How much would cigarettes have to cost for smokers to quit?
God love ‘em, but there is no demographic on earth more stubborn than smokers.
‘Cause, come on: they’re not dumb. Each smoker knows the risks, knows the substantial, detailed information on what a lifetime of smoking is likely to do to your body, so it’s fair to say everyone that lights up willingly enters this dangerous contract. This, you would think, is not in dispute.
So, then, what’s a nation to do? For countries like Canada, whose publicly-funded healthcare system is bogged by smokers, we tax, tax, tax. Increases of a few cents here and there, a few dollars each pack over the course of a decade.
But you would say, by and large, this has failed. For every smoker you know that’s cut back because of increasing prices, you know ten that smoke the same but just gripe more about how much it’s costing them. So we wonder … what is the number that would finally price smokers out of their habit?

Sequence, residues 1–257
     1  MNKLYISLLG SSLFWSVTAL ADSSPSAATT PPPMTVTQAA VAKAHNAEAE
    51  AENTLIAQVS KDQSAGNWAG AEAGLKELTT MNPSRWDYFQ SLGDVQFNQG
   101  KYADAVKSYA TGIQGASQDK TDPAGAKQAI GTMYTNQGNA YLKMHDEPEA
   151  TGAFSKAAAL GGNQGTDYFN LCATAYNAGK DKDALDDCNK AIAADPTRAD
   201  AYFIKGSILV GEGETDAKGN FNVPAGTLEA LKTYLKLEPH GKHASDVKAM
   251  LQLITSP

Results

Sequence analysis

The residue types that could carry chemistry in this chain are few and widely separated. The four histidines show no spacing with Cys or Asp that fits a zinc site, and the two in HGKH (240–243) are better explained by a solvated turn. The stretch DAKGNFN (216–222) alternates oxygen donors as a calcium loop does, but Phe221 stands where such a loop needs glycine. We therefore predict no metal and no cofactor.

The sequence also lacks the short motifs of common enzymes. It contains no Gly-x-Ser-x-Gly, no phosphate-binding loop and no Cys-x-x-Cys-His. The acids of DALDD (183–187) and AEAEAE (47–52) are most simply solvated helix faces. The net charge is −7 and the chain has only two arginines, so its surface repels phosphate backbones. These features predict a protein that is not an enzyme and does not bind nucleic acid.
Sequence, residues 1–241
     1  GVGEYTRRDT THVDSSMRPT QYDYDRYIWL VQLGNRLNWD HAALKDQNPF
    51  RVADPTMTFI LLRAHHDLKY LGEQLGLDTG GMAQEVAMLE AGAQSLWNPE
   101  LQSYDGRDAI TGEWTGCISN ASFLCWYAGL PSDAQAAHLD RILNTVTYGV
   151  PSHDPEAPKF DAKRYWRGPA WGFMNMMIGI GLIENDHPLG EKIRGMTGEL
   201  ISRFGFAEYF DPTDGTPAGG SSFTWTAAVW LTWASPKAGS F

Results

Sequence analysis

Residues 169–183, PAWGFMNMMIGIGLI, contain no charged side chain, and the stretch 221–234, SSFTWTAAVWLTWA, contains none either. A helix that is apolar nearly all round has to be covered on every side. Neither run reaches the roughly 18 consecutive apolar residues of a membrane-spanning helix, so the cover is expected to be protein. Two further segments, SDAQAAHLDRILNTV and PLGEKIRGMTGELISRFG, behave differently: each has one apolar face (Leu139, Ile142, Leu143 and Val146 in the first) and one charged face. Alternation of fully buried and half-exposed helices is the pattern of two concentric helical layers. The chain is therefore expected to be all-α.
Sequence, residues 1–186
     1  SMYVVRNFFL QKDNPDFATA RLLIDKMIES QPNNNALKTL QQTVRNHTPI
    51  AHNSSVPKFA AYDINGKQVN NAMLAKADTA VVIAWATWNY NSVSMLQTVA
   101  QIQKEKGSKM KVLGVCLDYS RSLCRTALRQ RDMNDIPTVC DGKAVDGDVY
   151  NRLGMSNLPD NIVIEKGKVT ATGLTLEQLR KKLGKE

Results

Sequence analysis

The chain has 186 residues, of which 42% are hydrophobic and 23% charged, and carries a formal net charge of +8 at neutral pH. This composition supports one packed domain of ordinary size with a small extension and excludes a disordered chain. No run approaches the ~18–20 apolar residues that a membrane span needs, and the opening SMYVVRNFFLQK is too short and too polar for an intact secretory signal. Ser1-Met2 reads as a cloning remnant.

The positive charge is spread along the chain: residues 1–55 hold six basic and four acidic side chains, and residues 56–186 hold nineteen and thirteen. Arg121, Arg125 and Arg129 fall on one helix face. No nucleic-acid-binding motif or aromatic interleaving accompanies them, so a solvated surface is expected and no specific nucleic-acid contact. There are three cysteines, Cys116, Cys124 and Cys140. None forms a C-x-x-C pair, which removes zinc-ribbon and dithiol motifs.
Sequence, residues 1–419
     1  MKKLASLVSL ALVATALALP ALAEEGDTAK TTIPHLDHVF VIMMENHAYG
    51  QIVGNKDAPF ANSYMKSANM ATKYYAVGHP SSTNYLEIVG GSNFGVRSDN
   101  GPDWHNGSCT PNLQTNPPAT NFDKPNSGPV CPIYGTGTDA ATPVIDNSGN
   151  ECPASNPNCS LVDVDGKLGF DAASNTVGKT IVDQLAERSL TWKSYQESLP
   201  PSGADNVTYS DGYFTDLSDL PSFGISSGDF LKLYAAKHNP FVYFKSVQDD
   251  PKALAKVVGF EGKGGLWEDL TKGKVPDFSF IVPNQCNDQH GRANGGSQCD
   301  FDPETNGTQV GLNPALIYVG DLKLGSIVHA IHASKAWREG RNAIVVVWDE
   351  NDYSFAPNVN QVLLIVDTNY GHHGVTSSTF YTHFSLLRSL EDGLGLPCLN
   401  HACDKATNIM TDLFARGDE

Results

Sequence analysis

The question comes up because of some drastic, applauded-in-many-circles news out of New Zealand.
According to documents released under the country’s Official Information Act, New Zealand’s Ministry of Health is considering* bumping the price of cigarettes by a stupefying margin over the next decade-plus.
Under one proposal, which aims to make New Zealand smoke-free by 2025, a pack of cigarettes would increase 10 per cent each year from 2013 to 2025, bringing the retail tag to $40 per at the end of the term.
But for fear that all the $40-a-pack proposal will do is simply make regular smokers broke smokers, New Zealand wants to go bigger still.
Under another proposal from the Ministry of Health, prices would instead hike between 30 and 60 per cent each year between 2013 to 2025. A pack by the end of this term would cost a staggering $100 per.
Cost of each cigarette of a $100 20-pack? Five dollars.
Do you think pricing out smokers – literally, mandating the cost of smoking be too great for the average consumer to bear – is the right direction, or merely another example of government way overstepping its boundaries?
By Jason Buckland, MSN Money
*The New Zealand Ministry of Health has said its proposals are, at the moment, for internal policy discussion and does not represent government policy.